"Ideally, we would rather have better on-base capability," Duquette said. "We're stressing that and looking to add that to our team. When you do have power, you can drive yourself home. We have a half-dozen players who can hit 20 home runs, which is a good thing."
Baltimore's team defense has improved dramatically, too. It is ranked 10th in both defensive efficiency and park-adjusted efficiency, according to Baseball Prospectus, after ranking 28th and 23rd in those categories last year.
The important transactions weren't limited to on-field personnel, either. The Orioles hired Rick Peterson to be their director of pitching development. In that role he has introduced biomechanical study to their in-house analysis, and he has received credit for helping Chris Tillman and Zach Britton with their mechanics.
Neither Duquette nor Showalter has been with their turned-around clubs long enough to enjoy World Series success, both famously just missing. Showalter left both the Yankees and Diamondbacks a year before each won a World Series, and the Rangers won their two AL pennants four years after he left Texas. Duquette, meanwhile, had just moved to Boston when the Expos had their great, albeit strike-interrupted 1994 campaign, and then he left the Red Sox two years before their title in 2004.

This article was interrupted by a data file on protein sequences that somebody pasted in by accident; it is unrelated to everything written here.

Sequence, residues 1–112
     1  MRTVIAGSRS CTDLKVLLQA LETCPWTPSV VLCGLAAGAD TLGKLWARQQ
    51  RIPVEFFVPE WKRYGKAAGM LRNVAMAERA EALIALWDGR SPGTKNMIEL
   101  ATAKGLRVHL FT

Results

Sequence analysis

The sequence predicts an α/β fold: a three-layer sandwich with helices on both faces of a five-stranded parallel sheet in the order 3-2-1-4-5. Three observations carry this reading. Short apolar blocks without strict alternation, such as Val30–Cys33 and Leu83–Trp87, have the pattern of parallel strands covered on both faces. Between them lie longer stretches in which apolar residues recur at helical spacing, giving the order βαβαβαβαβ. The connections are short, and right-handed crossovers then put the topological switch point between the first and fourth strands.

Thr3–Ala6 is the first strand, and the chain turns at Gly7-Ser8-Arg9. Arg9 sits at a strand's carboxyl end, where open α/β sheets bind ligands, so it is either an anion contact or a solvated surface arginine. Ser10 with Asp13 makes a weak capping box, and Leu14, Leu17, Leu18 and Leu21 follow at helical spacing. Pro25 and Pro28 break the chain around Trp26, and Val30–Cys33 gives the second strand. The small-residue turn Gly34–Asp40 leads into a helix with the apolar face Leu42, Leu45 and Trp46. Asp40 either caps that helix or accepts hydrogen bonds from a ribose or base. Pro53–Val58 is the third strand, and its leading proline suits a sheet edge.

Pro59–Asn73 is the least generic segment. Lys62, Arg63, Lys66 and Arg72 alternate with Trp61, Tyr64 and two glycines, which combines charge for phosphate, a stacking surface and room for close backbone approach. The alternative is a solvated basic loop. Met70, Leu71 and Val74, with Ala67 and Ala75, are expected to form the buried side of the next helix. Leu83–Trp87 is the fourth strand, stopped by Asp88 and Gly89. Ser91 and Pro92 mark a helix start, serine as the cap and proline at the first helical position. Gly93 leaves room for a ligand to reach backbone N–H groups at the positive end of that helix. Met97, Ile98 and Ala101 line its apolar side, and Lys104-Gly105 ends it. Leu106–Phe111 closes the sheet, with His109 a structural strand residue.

For now thoughts are only on the here and now, a tie in the AL East and a two-game lead on a wild-card spot, putting a playoff berth nearly in their grasp.
"Twenty-something games is an eternity in the major leagues," Showalter said. "September crawls when you're in it."
For Buck and the Duke, however, turning around a big league club can happen in a flash.